Engaging God Intellectually Transforms Us into Better ChristiansI want to draw a big line under one item here. Loving God intellectually doesn't mean you're simply equipping yourself to win an argument — it means you've studied His word carefully and thoughtfully. God isn't holding us accountable as to whether we convince others of our point, but if they are "ready on our lips" and if we can "accurately handle the word of truth" (1 Pet.3:15, II Tim 2:15). Studying God's word changes us! Paul furthers this point in Romans 12:2 when he writes, "Do not be conformed to this world, but be transformed… by the renewing of your mind." We are transformed when we begin to understand and believe correct things about God. But just as we said to the critic, we can only be sure ourselves if we're holding right beliefs if we study them and make sure they are true to His word and His creation.
Engaging God Intellectually Guards Against Falling into ErrorsAnother important function of using our minds to love God is it protects us from falling into heresies or theological error. In fact, many of the cults that we face today actually have their origin in the early 19th century in Western New York in what was then the rugged frontier of America. There were many revival movements that would come and go and the itinerant preachers would really get people worked up; they would call the masses to repentance and many would respond to be "saved." But the movement was rooted only in an emotional appeal, and not intellectual rigor.1 Emotional response without understanding doesn't lead to true salvation, but a façade of true belief. It's no wonder, then, that the cults sprang up in the same area. The roots of Mormonism, Jehovah's Witnesses, Spiritism, Utopianisim, and other cultic beliefs can all be traced to this drive to find religion divorced from careful study.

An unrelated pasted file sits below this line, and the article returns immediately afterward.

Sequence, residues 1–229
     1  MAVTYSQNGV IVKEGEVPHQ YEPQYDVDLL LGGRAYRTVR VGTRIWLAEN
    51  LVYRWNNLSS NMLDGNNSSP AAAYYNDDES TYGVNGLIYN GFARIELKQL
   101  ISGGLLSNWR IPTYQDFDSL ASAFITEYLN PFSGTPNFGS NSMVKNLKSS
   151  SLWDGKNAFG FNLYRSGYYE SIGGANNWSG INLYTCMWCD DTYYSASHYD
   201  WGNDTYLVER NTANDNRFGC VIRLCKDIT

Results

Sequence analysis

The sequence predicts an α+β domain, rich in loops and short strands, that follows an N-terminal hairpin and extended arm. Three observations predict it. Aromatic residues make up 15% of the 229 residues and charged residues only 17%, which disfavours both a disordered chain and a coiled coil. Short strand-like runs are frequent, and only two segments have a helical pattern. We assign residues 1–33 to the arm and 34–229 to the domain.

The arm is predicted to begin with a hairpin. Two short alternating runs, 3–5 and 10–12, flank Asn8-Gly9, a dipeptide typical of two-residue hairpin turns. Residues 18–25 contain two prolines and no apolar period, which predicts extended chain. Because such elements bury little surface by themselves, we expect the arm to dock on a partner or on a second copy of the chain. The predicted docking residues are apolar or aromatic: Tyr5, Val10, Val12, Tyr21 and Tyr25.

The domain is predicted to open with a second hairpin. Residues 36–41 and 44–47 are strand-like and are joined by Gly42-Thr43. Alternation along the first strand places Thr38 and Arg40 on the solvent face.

We are not immune to such corruption of Christian beliefs even today. One extreme example is the word-faith movement. These teachers are spreading all sorts of heresies, from teaching that God has a material body to the supposed existence of a "force of faith" that even God must obey. Duped followers take it in willingly, without understanding how much they have corrupted even the most basic Christian doctrines. But, what other false ideas may have begun to thrive as a result of our unwillingness to engage our minds? In Acts 17, the Bereans were commended for not merely believing Paul and Silas' message, but they were "examining the Scriptures daily to see whether these things were so." This is why Paul warns us to "examine everything carefully; hold fast to that which is good." (1 Thess. 5:21) This is the way we begin to protect ourselves against heresies.